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MathGroup Archive 2002

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Re: Combination/Permutation questions

  • To: mathgroup at
  • Subject: [mg37462] Re: [mg37436] Combination/Permutation questions
  • From: "Michael Chang" <michael_chang86 at>
  • Date: Thu, 31 Oct 2002 04:41:36 -0500 (EST)
  • Sender: owner-wri-mathgroup at

Hi Andrzej,

Many thanks for your help and solutions!

Actually, for completeness, I believe that for In[3], the input should have 

In[3]:= Perms[{a,b,c,d,e},2]

but I think that this is probably clear from Out[3] anyways.

Also, after seeing what *expert* Mathematica programmers do ;), I've found 
that for In[6],


seems to produce the expected number of sets when using, for example,

In[7]:= f[{a,b,c,d},3]

(A slightly larger set tends to result otherwise, due to the inclusion of 
some sets with Lenth[#]!=k.)



>From: Andrzej Kozlowski <andrzej at>
To: mathgroup at
>To: Andrzej Kozlowski <andrzej at>
>CC: michael_chang86 at (Michael Chang), mathgroup at
>Subject: [mg37462] Re: [mg37436] Combination/Permutation questions
>Date: Tue, 29 Oct 2002 23:23:21 +0900
>I guess I did not exactly answer your last question. To select those  
>expressions that involve just one minus use:
>       d,c-d,-a+d,a+d,-b+d,b+d,-c+d,c+d};
>On Tuesday, October 29, 2002, at 05:20 PM, Andrzej Kozlowski wrote:
>>On Tuesday, October 29, 2002, at 02:09 PM, Michael Chang wrote:
>>>First, suppose that I have 4 objects, a, b, c, and d, respectively.
>>>How can I generate the permutation set when chosing, say, only *2*
>>>In[1]:=  Permutations[{a,b,c,d}]
>>>gives me the permutation set when choosing *all* 4 objects ... :(
>>   b,e},{e,b},{c,d},{d,c},{c,e},{e,c},{d,e},{e,d}}
>>>Second, for the same four objects (a,b,c,d), to generate the
>>>*combination* set (with 2 elements), I use:
>>>In[2]:=  Needs["DiscreteMath`Combinatorica`"];
>>>In[3]:=  cset=KSubsets[{a,b,c,d},2]
>>>and this generates the expected 6 combinatorial pairs
>>>What I'd like to do next is add each combinatorial set, and I am able
>>>to do this correctly via:
>>>In[4]:=  Plus@@Transpose[cset]
>>>to obtain {a+b,a+c,a+d,b+c,b+d,c+d}.
>>>My problem lies in the fact that now, I'd like to be able to allow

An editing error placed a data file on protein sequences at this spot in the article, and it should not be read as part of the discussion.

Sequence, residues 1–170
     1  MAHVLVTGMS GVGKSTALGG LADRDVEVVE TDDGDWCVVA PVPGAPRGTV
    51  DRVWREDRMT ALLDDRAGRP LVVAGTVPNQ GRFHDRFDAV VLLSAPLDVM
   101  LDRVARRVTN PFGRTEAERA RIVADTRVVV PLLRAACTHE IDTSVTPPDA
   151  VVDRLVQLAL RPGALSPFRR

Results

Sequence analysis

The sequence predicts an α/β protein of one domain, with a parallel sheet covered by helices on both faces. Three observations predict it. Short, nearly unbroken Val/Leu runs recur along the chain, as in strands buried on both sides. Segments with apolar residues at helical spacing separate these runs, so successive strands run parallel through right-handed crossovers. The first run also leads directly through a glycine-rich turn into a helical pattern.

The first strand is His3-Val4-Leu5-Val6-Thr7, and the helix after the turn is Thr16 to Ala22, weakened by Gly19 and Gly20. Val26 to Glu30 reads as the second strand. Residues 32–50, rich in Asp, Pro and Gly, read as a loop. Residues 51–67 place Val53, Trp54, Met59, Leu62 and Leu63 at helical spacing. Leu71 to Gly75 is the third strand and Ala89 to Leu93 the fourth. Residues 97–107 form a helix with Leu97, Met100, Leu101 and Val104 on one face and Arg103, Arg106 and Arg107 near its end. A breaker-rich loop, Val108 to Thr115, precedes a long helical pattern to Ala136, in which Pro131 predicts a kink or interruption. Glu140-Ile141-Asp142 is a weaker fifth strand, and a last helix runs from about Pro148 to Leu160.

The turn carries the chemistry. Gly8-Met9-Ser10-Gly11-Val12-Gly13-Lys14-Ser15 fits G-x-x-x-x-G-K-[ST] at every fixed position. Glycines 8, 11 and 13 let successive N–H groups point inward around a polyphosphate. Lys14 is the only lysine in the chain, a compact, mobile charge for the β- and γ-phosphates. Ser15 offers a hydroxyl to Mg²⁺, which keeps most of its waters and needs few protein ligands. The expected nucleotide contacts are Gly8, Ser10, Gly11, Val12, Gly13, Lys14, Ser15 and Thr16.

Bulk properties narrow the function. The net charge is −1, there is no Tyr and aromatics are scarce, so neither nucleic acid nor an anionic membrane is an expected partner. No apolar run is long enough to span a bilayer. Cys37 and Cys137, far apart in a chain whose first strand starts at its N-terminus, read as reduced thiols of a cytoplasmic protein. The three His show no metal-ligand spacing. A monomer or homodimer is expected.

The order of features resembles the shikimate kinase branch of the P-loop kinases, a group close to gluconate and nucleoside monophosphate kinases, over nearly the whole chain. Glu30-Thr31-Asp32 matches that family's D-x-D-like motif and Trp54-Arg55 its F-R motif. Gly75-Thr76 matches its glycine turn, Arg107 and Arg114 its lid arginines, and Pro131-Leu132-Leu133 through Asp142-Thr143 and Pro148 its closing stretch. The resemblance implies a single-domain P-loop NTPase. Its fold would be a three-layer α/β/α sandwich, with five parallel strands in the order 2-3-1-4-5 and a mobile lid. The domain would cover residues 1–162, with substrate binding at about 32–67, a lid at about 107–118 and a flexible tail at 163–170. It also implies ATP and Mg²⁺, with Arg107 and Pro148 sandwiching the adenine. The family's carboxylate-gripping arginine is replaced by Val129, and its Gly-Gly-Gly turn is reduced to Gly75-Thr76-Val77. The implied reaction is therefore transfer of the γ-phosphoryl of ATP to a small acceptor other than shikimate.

>>>*each* (a,b,c,d) element to be either plus, or minus (in reality, I'm
>>>trying to generate combinatorial adds/minuses for *functions*
>>>(a,b,c,d)), and to still generate the 'sum' of the cominatorial set.
>>>So for instance, in my current example, for the *first* {a,b}
>>>combinatorial pair, I'd like to be able to generate
>>>(which generates {a+b,a-b,-a+b,-a-b}) ... only I'd like this to be
>>>somehow done automatically for *each* combinatorial pair (and, for the
>>>more general case when I generate combinatorial sets involving only
>>>'k' elements).  I've struggled with this for a while, and am only able
>>>to generate such a list *manually* for each of my six original
>>>combinatorial pairs ... a tedious, and somewhat tiresome procedure! :(
>>>  Is there a way of 'easily' doing this?!?
>>For example:
>>   c-d,c-d,-a+d,a+d,-b+d,b+d,-c+d,c+d}
>>>With my newly generated list (having 4*6 'elements'), how can I also
>>>go about finding which expressions involve/use only, say, 1 Minus?  Is
>>>there an 'easy' way of doing this too?  (For instance, I'd like to
>>>then 'filter' for (a-b) and (b-a) ...)  (Perhaps the count of 1 Minus
>>>is a little contrived for this example here, but for the more general
>>>case I'll probably be considering, I might need to filter for, say,
>>>(longer) expressions involving 2 Minuses (say).)
>>In cases like the above the following will work:
>>Andrzej Kozlowski
>>Yokohama, Japan
>Andrzej Kozlowski
>Yokohama, Japan

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| Mais je veux croire           |                  Mais je jure |
| En l'au-delà                  |        Que le monde est à moi |
Extrait de "Dessine-moi un mouton" par Mylène Farmer

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